25 January 2011

2010: Dale Earnhardt Jr. Jr. & Das Racist

Dale Earnhardt Jr. Jr.
Horse Power EP
Released July 13, 2010 (Quite Scientific Records)

Short notes: It’s a trendy indie pop record! Not bad, but not amazing!

Brandon: B

I was pleasantly surprised by this little four track EP. It’s nothing at all revolutionary--this is a band riding the popularity of a certain sort of wry, cutesy indie pop with some synths behind it. Perhaps its just because so many of the recent records I’ve reviewed have sounded too long, but despite its shortcomings (nothing too original, middle of the road lyrics and music), I enjoyed this record. I thought the synths, the reverb, and the airy quality (they covered “God Only Knows,” for christsake, which reminded me of that minute when indie pop bands were referencing the Beach Boys a few years ago) worked for the songs--just busy enough to be engaging (looking at you, Beach House), but not fussy.. It’s easy listening, but worth it, especially given the limited commitment.

Lin: B-

There's not much to this 13 and a half minute EP. It has its moments -- the third track "Simple Girl" being the best, sounding like a late early period Beatles piece. But there are more things working against it: the choice of a cover, one as particularly well known as "God Only Knows" seems more like a ploy and makes it even harder to judge how much I like this band. Additionally, my disdain for bands like Animal Collective and anything that sounds like them keeps me from really getting into any of the songs. It's not a great comparison, but the production and other musical choices give just enough of that taste that I can't just take it. Kinda like how eggplant overpowers anything it's in if you hate eggplant, you know? So, the long and the short of it is: there's not enough here to really get a good taste, but what I do get doesn't particularly leave me wanting more.

Das Racist
Sit Down, Man
Released September 14, 2010 (mixtape)

Brandon: C+

“Took a lot of samples out, you don't gotta clear those
Made a lot of weird raps, you don't want to hear those”
- "You Can Sell Anything”

That pretty much sums it up. About a quarter of the time, this is the most interesting hip-hop record I’ve heard in years, filled with dense pop culture references and dry humor over cleverly composed, sample heavy beats. At their best, Das Racist sound like Das EFX, if Das EFX had gone to a preppy east coast liberal arts college. And I’m not joking. I love Das EFX.

But when this record is bad, it’s the flip side of all of those positive characteristics--dense, pedantic, musically repetitive, and not terribly funny. Now, I love self-consciously weird hip-hop. When I was in college (just a few years before these dudes, at a much less prestigious liberal arts college with a much less self-conscious institutional dialogue about race and sexuality), my first favorite hip-hop record was the Deltron 3030 album with Del tha Funkee Homosapien and Dan the Automator. We also loved Kool Keith, and the Gravediggaz, and a lot of alternative artists who were self-consciously pushing against the gangsta mainstream and the too-serious backpack types. But when I compare Das Racist to those groups, what I hear is rappers both trying to be funny and trying to make it sound like they aren’t joking. It’s worth checking out, but I’d guess you’ll come away more frustrated than thrilled.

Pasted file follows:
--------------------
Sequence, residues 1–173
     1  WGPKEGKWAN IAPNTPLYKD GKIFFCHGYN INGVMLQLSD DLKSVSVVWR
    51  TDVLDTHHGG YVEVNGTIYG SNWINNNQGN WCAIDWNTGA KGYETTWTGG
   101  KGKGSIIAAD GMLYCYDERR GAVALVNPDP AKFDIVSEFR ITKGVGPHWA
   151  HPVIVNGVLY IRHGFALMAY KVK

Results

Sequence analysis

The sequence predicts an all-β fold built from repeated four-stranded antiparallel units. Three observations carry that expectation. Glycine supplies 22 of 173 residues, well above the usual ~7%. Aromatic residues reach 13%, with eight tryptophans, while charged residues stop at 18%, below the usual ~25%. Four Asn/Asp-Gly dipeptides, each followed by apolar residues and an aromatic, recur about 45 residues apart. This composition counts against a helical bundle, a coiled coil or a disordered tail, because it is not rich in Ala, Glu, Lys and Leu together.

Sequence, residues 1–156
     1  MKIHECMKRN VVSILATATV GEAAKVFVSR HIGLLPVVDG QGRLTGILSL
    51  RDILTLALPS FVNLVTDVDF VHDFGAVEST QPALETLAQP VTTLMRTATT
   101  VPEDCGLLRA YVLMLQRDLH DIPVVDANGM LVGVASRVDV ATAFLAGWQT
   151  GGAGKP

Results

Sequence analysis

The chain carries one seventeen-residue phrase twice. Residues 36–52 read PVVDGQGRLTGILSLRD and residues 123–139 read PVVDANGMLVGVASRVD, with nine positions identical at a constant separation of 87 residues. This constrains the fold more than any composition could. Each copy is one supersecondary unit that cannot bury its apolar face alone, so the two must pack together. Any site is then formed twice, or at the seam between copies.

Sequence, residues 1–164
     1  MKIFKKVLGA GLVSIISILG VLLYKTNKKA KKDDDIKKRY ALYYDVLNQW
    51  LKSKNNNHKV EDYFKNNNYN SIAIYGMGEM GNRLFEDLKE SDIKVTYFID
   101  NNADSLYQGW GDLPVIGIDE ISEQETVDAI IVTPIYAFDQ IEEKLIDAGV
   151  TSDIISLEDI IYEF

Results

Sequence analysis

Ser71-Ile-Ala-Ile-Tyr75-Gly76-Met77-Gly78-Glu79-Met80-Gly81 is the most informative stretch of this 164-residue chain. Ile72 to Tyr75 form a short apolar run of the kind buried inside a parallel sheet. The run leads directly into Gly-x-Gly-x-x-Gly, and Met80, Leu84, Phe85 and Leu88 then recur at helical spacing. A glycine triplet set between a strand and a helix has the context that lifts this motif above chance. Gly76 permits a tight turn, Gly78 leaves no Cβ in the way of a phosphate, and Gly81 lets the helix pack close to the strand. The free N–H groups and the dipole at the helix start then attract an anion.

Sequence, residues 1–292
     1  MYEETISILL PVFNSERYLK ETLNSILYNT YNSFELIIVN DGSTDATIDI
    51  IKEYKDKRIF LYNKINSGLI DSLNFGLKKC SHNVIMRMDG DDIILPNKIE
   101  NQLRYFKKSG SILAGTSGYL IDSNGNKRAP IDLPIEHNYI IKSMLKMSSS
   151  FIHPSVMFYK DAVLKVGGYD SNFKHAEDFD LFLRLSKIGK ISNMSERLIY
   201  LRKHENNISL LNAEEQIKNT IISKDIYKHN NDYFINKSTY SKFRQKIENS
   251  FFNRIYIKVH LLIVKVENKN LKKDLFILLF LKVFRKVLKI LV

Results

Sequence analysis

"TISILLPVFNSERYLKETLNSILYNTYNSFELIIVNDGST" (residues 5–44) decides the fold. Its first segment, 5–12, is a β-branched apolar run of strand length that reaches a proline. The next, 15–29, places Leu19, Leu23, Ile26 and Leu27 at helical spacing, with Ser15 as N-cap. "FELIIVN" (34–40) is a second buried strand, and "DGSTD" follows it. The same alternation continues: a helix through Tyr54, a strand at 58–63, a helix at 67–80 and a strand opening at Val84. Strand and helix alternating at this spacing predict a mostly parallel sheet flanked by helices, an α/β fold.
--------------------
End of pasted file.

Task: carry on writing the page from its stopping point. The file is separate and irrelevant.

Lin: B-

It makes a lot of sense for a band like this to be called "Das Racist" -- it's a poking-the-bear-with-a-stick move signifying their satarization of...whatever. The problem with satire, though, is not one that the artist can easily correct as it lies with the observer. I'm relatively knowledgeable about hip-hop and the tropes of rap music, but it's not my thing and I don't overdo it any more than I overdo my love of country music or British punk. What I'm saying is, you can skewer Sacred Cows, but no one cares if all they want is a hamburger. So, the "humor" that other critics point to in Sit Down, Man is lost on me, not because I don't get it, but because I don't care.

So what's left is just the music itself -- and there's not a whole lot there that brings me back. We got two tracks that show why Das Racist are getting the praise they are ("hahahaha jk?" and "People Are Strange" (though there's a good chance I like the latter because I love that sample)). There are a couple more that fall under the "Okay, I can see why folks like this" category. But for the most part it's boring or tedious as, at 78 minutes, the album/mixtape falls into the same "gotta use all the time we can" trap as so many other rap albums. It's fine for what it is, I guess, but there's no way I'm taking it over any of the already reviewed rap albums.

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